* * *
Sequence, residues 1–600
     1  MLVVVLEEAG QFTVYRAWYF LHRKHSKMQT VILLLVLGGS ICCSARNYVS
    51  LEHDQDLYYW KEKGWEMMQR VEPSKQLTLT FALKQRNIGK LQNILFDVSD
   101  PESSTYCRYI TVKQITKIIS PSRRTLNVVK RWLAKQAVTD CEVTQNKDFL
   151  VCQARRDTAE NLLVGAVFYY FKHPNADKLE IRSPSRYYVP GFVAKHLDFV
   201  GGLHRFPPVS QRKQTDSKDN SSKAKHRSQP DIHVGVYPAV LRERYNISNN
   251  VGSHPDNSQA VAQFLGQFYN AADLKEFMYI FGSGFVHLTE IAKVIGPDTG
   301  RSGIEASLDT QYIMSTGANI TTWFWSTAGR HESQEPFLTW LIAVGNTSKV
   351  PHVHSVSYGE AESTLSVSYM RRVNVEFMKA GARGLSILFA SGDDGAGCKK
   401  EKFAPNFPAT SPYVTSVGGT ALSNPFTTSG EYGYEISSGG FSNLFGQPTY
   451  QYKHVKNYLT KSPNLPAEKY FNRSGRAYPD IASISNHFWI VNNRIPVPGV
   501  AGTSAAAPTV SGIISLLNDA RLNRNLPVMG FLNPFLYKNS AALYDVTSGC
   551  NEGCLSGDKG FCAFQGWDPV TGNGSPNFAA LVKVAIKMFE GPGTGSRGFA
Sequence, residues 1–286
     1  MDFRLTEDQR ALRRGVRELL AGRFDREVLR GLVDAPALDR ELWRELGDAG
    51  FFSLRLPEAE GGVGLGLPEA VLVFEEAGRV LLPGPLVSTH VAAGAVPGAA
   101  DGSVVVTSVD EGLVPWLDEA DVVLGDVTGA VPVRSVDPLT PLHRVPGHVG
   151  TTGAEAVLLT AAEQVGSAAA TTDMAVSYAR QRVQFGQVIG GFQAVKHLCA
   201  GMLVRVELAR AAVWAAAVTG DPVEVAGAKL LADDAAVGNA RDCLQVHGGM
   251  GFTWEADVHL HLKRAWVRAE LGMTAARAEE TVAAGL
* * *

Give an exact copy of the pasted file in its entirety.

Sequence, residues 1–600
     1  MLVVVLEEAG QFTVYRAWYF LHRKHSKMQT VILLLVLGGS ICCSARNYVS
    51  LEHDQDLYYW KEKGWEMMQR VEPSKQLTLT FALKQRNIGK LQNILFDVSD
   101  PESSTYCRYI TVKQITKIIS PSRRTLNVVK RWLAKQAVTD CEVTQNKDFL
   151  VCQARRDTAE NLLVGAVFYY FKHPNADKLE IRSPSRYYVP GFVAKHLDFV
   201  GGLHRFPPVS QRKQTDSKDN SSKAKHRSQP DIHVGVYPAV LRERYNISNN
   251  VGSHPDNSQA VAQFLGQFYN AADLKEFMYI FGSGFVHLTE IAKVIGPDTG
   301  RSGIEASLDT QYIMSTGANI TTWFWSTAGR HESQEPFLTW LIAVGNTSKV
   351  PHVHSVSYGE AESTLSVSYM RRVNVEFMKA GARGLSILFA SGDDGAGCKK
   401  EKFAPNFPAT SPYVTSVGGT ALSNPFTTSG EYGYEISSGG FSNLFGQPTY
   451  QYKHVKNYLT KSPNLPAEKY FNRSGRAYPD IASISNHFWI VNNRIPVPGV
   501  AGTSAAAPTV SGIISLLNDA RLNRNLPVMG FLNPFLYKNS AALYDVTSGC
   551  NEGCLSGDKG FCAFQGWDPV TGNGSPNFAA LVKVAIKMFE GPGTGSRGFA
Sequence, residues 1–286
     1  MDFRLTEDQR ALRRGVRELL AGRFDREVLR GLVDAPALDR ELWRELGDAG
    51  FFSLRLPEAE GGVGLGLPEA VLVFEEAGRV LLPGPLVSTH VAAGAVPGAA
   101  DGSVVVTSVD EGLVPWLDEA DVVLGDVTGA VPVRSVDPLT PLHRVPGHVG
   151  TTGAEAVLLT AAEQVGSAAA TTDMAVSYAR QRVQFGQVIG GFQAVKHLCA
   201  GMLVRVELAR AAVWAAAVTG DPVEVAGAKL LADDAAVGNA RDCLQVHGGM
   251  GFTWEADVHL HLKRAWVRAE LGMTAARAEE TVAAGL